P.V.Tsybin
 .  -   ,        .
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RSR
strategic reconnaissance

 " "   The preliminary project for the revised aircraft, able to take off in the conventional manner, was dated 26th June 1957. Design proceeded rapidly, and in parallel OKB-256 created a simplified version, using well-tried engines, which could be got into the air quickly to provide data (see NM-1, next). These data became available from April 1959, and resulted in significant changes to the RSR (see R-020). The basic design, however, can be described here.
   Though the RSR was derived directly from the 2RS, it differed in having augmented bypass turbojet engines (low-ratio turbofans) and strengthened landing gear for conventional full-load take-offs. A basic design choice was to make the structure as light as possible by selecting a design load factor of only 2.5 and avoiding thermal distortion despite local skin temperatures of up to 220C. By this means the use of steel and titanium was almost eliminated, though some skins (ailerons, outer wing and tail torsion boxes) were to be in aluminium/ beryllium alloy. As before, the wing had a t/c ratio of 2.5 per cent, 58 leading-edge sweep and three main and two secondary spars. The tips, 86mm deep, carried Solov'yov D-21 bypass engines. These bore no direct relationship to today's D-21A1 by the same design team. They were two-shaft engines with a bypass ratio of 0.6, and in cruising flight they were almost ramjets. Sea-level dry and augmented ratings were 2,200kg (4,850 lb) and 4,750kg (10,472 lb) respectively. Dry engine mass was 900kg (l,984 1b) and nacelle diameter was 1.23m (4ft 1/2in). The fuselage had a fineness ratio of no less than 18.6, diameter being only 1.5m (4ft 1 lin). All tail surfaces had a t/c ratio of 3.5 per cent, and comprised a onepiece vertical fin with actuation limits of 18 and one-piece tailplanes with limits of + 10/-25. All flight controls were fully powered, with rigid rod linkages from the cockpit and an artificial-feel system. The main and steerable nose landing gears now had twin wheels, and were supplemented by singlewheel gears under the engines, all four units hydraulically retracting to the rear. A braking parachute was housed in the tailcone. A total of 7,600kg (16,755 lb) of kerosene fuel was housed in integral tanks behind the cockpit and behind the wing, plus 4,400kg (9,700 Ib) in two slender (650mm, 2ft 1 V-im diameter) drop tanks. An automatic trim control system pumped fuel to maintain the centre of gravity at 25 per cent on take-off, 45.0 in cruising flight and 26.4 on landing. In cruising flight the cockpit was kept at 460mm Hg, and the pilot's pressure suit maintained 156mm after ejection.  An APU and propane burner heated the instrument and camera pallets which filled the centre fuselage, a typical load comprising two AFA-200 cameras (200mm focal length) plus an AFA-1000 or AFA-1800 (drawings show four cameras), while other equipment included optical sights, panoramic radar, an autopilot, astro-inertial navigation plus a vertical gyro, a radar-warning receiver and both active and passive ECM (electronic countermeasures)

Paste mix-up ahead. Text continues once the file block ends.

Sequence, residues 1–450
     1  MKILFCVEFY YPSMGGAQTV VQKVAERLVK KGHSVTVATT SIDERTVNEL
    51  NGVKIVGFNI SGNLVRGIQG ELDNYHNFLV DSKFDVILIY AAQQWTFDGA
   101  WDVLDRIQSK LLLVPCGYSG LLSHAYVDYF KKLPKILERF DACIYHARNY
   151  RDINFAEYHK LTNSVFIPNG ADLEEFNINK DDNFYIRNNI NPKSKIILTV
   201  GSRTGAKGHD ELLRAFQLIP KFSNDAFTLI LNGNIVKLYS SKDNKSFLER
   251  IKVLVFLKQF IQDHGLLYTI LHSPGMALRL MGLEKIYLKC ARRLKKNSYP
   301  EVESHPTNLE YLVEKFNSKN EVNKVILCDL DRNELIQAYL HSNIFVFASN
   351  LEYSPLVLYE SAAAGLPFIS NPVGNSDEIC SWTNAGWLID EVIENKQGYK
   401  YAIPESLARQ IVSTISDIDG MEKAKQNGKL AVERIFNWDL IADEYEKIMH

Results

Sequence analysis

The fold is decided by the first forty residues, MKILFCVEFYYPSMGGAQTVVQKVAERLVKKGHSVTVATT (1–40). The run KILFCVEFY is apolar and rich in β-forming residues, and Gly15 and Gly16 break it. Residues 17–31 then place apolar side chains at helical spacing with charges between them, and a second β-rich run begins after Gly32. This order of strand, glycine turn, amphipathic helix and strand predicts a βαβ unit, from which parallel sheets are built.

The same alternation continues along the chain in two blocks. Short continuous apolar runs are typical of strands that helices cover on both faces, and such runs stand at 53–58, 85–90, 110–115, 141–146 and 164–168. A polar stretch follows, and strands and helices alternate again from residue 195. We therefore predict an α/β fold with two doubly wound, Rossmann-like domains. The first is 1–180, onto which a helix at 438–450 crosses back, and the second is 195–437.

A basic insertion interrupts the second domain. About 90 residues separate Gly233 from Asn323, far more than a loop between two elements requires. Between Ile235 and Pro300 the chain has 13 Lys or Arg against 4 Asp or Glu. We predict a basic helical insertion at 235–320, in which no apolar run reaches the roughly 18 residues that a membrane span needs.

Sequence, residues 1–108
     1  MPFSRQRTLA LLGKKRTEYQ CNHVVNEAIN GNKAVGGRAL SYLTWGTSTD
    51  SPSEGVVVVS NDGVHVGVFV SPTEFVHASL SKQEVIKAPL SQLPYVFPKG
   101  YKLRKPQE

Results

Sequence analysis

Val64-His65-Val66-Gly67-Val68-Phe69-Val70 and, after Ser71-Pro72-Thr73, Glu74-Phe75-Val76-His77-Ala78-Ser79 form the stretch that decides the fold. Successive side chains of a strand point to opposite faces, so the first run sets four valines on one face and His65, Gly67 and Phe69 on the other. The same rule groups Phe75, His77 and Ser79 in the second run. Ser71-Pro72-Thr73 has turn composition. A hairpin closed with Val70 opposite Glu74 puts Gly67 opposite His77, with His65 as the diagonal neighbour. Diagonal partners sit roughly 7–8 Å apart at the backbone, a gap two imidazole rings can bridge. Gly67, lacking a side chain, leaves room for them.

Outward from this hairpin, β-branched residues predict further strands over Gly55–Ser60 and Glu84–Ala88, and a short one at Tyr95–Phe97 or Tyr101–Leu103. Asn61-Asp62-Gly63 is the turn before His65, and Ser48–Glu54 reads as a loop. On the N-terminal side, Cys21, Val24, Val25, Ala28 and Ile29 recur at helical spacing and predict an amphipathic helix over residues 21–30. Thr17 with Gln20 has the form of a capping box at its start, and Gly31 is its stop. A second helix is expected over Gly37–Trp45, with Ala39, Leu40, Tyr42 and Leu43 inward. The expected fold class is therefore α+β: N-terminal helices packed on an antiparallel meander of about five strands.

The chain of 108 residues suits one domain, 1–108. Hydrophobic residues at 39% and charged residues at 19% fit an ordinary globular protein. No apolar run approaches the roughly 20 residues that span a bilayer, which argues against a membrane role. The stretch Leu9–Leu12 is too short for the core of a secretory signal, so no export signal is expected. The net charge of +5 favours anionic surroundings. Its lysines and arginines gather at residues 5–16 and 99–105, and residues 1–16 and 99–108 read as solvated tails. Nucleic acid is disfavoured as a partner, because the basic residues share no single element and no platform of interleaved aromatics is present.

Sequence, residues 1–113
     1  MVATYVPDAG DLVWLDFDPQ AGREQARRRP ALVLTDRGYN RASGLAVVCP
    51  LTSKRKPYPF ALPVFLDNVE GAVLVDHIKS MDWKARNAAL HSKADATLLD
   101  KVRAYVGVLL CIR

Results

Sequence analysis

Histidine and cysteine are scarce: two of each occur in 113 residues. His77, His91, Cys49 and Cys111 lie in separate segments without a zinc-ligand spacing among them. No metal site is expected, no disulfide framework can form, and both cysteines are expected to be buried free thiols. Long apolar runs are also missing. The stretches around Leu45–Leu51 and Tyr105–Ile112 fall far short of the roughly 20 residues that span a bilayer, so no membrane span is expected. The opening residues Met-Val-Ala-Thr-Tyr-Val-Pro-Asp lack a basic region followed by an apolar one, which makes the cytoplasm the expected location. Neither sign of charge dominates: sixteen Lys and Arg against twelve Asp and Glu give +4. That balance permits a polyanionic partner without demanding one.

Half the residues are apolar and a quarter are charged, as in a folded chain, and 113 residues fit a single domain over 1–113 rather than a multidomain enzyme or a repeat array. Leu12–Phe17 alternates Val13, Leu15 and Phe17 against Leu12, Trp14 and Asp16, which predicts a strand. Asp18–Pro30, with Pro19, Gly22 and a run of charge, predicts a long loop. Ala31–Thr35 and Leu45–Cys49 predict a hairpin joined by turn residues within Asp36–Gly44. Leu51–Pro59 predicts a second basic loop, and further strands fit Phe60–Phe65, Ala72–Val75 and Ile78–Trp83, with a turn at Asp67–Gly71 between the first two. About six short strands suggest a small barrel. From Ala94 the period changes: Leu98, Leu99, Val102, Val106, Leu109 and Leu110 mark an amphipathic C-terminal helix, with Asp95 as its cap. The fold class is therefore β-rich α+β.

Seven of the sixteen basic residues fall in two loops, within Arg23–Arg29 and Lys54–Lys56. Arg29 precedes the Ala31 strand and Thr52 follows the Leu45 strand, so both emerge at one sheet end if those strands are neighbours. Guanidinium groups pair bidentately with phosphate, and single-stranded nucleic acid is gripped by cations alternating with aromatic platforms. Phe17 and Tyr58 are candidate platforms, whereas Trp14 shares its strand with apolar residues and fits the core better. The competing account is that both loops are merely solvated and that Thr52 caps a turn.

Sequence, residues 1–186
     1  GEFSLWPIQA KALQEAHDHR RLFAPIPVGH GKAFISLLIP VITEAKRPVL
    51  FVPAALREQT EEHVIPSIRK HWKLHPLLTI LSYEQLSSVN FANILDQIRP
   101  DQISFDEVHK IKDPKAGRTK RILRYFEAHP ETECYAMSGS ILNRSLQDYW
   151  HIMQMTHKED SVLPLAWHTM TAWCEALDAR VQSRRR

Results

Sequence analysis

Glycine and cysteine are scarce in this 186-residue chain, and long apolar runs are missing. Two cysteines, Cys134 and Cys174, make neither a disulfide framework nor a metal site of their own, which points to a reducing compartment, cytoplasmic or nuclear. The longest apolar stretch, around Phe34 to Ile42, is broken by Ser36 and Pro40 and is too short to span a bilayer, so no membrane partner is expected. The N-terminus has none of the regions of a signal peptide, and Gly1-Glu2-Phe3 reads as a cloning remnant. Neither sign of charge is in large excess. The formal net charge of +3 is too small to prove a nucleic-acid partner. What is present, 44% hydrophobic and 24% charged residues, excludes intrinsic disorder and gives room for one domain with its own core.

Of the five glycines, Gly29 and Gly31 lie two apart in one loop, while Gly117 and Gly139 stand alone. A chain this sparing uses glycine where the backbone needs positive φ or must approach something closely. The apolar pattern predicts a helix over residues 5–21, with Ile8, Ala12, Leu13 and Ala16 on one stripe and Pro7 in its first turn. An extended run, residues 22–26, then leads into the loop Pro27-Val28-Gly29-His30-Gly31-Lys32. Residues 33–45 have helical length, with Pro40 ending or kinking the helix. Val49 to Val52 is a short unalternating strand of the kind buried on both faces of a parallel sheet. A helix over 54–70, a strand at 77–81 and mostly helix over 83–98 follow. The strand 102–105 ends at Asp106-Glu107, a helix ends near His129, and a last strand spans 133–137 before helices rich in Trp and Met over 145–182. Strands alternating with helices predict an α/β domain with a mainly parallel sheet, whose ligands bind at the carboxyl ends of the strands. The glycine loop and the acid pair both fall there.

During construction this aircraft was modified into the RSR R-020.

Description
Design OKB-256 P.V.Tsybin
Type RSR
Function strategic reconnaissance
Crew 1
Dimensions & Weight
Length (ignoring nose probe), m 27,4
Wing Span, m over engines 10,23
ignoring engines 7,7
Aspect ratio of wing 1,67
Wing area, m2 64
Overall height, m 4,75
Equipment weight, kg 1850
py p, 4050
Take-off weight, kg 21000
Empty weight, kg 7700
Landing weight, kg 9200
Power-plant
Engine 2 -21
Trust, kgf take-off 4500-5000
M=2,5 at altitude 20 km 2200
Engine weight, kg 2200
Fuel weight 10700 (12000)
Performance (project)
Speed, km/h (M=) max 2800 (2,65)
cruise 2,56
landing 220
Range, km 3760
Practical ceiling, m 26700
Dinamic ceiling, m 42000
Take-off run, m 1200 (1300)
Landing run, m 1350 (1200)

References and Credits:

  1. To it to be a rocket / I.Afanasyev, V.Bobkov. Ace 1/1993 /
  2. Outstripped time / V.Maksimovsky. Air Fleet Herald. 6/96 /
  3. The main samples and modifications of airplanes and missiles, mastered by manufacture DMZ from 1951 to 1996  / G.A.Savelyev, From seaplanes up to supermodern missiles /
  4. History of airplanes designs in the USSR (1951-65) / Gr. authors, M., Mashinostroenie, 2000 /
  5. The illustrated encyclopedia EMZ named after V.M.Myasishchev v.2, p.3 / A.A.Bruk, K.G.Udalov, S.G.Smirnov, A.V.Arhipov, B.L.Puntus, Aviko press, 2001 /
  6. Les appareils de reconnaissance Tsybin / Prototypes.com /

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